Design of large span tunnels and caverns: back to basicsKeynote Address

D. Oliveira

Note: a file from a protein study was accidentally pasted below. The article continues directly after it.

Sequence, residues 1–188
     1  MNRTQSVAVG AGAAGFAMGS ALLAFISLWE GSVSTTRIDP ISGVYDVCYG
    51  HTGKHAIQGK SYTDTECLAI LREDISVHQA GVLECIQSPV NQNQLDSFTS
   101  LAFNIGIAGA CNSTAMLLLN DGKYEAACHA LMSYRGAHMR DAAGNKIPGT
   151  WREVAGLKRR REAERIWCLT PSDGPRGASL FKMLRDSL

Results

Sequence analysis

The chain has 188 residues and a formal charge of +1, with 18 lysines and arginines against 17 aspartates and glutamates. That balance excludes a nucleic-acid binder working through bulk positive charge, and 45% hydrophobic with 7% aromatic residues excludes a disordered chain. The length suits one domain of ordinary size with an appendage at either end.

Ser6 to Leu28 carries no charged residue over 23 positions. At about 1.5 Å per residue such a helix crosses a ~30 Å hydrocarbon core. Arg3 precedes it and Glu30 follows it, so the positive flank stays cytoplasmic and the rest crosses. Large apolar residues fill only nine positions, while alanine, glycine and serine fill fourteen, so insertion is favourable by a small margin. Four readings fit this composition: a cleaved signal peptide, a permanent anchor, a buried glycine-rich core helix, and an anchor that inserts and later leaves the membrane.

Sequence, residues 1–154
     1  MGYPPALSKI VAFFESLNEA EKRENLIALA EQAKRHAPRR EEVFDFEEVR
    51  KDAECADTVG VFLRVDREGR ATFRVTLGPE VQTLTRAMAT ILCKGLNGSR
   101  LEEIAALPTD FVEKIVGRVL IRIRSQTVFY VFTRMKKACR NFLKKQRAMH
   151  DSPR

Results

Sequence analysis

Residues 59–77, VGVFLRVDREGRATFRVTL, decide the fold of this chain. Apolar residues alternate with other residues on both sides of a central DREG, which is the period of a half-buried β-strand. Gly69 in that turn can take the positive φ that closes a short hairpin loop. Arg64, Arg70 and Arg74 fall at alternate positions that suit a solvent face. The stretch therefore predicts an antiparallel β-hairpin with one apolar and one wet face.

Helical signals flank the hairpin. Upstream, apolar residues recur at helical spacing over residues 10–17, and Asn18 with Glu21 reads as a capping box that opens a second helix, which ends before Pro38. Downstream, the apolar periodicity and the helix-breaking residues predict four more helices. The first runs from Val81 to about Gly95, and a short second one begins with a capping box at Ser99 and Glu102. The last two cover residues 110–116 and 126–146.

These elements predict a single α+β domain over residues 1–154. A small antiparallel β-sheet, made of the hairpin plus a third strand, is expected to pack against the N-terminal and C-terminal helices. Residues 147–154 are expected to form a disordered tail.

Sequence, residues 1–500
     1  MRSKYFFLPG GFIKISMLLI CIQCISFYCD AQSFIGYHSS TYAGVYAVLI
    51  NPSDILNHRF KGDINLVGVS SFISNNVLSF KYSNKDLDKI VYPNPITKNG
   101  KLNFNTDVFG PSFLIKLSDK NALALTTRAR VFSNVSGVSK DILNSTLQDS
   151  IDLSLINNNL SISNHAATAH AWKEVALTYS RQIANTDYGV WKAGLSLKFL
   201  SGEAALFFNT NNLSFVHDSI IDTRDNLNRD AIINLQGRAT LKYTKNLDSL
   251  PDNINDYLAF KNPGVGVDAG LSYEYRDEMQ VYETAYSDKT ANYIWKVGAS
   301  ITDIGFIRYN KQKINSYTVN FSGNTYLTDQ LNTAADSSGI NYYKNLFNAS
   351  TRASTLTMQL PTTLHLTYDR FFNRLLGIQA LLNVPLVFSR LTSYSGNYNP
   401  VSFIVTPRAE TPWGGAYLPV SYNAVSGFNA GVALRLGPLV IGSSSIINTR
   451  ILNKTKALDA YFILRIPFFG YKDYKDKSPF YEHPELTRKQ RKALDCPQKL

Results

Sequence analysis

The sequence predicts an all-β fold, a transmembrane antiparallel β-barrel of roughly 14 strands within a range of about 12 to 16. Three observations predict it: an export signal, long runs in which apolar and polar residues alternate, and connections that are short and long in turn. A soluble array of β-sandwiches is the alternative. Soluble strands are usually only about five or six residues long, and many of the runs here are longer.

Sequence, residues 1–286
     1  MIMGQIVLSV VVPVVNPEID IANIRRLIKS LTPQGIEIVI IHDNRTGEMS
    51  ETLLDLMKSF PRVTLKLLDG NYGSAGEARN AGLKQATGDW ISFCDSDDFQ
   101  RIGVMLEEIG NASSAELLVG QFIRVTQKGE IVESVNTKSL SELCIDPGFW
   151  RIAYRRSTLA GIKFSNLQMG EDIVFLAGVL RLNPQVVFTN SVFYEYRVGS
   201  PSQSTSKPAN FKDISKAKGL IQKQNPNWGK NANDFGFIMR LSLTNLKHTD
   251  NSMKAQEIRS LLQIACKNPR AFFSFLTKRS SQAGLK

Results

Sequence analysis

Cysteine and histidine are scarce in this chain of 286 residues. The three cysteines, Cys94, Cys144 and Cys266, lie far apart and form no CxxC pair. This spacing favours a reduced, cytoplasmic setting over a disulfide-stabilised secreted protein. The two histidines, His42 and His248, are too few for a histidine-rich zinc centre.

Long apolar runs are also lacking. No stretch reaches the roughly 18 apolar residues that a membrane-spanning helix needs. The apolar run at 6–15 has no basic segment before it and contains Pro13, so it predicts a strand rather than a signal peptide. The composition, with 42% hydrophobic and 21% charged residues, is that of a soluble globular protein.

Increased demand to future-proof tunnel projects with respect to traffic has led to the proposal of some very large spans in recent road tunnel projects in Australia. For example, four lane tunnels are currently under construction in Sydney with mined spans of approximately 20 m and Y-junction caverns of unprecedented spans for road tunnels in Australia, all with a requirement for 100-year design life. As these spans are unprecedented in Australian civil tunnels, a direct comparison with local past experience is not possible and simple extrapolation of precedent designs, although potentially solving the problem, often result in uneconomical solutions that do not necessarily target the actual failure mechanisms involved in the excavation of such large spans. International experience could certainly be used but adequate design justification would still have to be provided. Although there is certainly room for cutting edge innovation, robust solutions can also be achieved by simply going back to basics. As a result, this paper intends to present and discuss how designs that focus on first principles and the basic objectives of rock reinforcement may allow for a better understanding of the design requirements and how to satisfy codes and standards but also provide savings with respect to ground support. The key to the design involves understanding the failure mechanism that needs to be addressed, its relationship with the different actions of rock bolting, i.e. suspension/anchorage and/or rock reinforcement and what could be acceptable.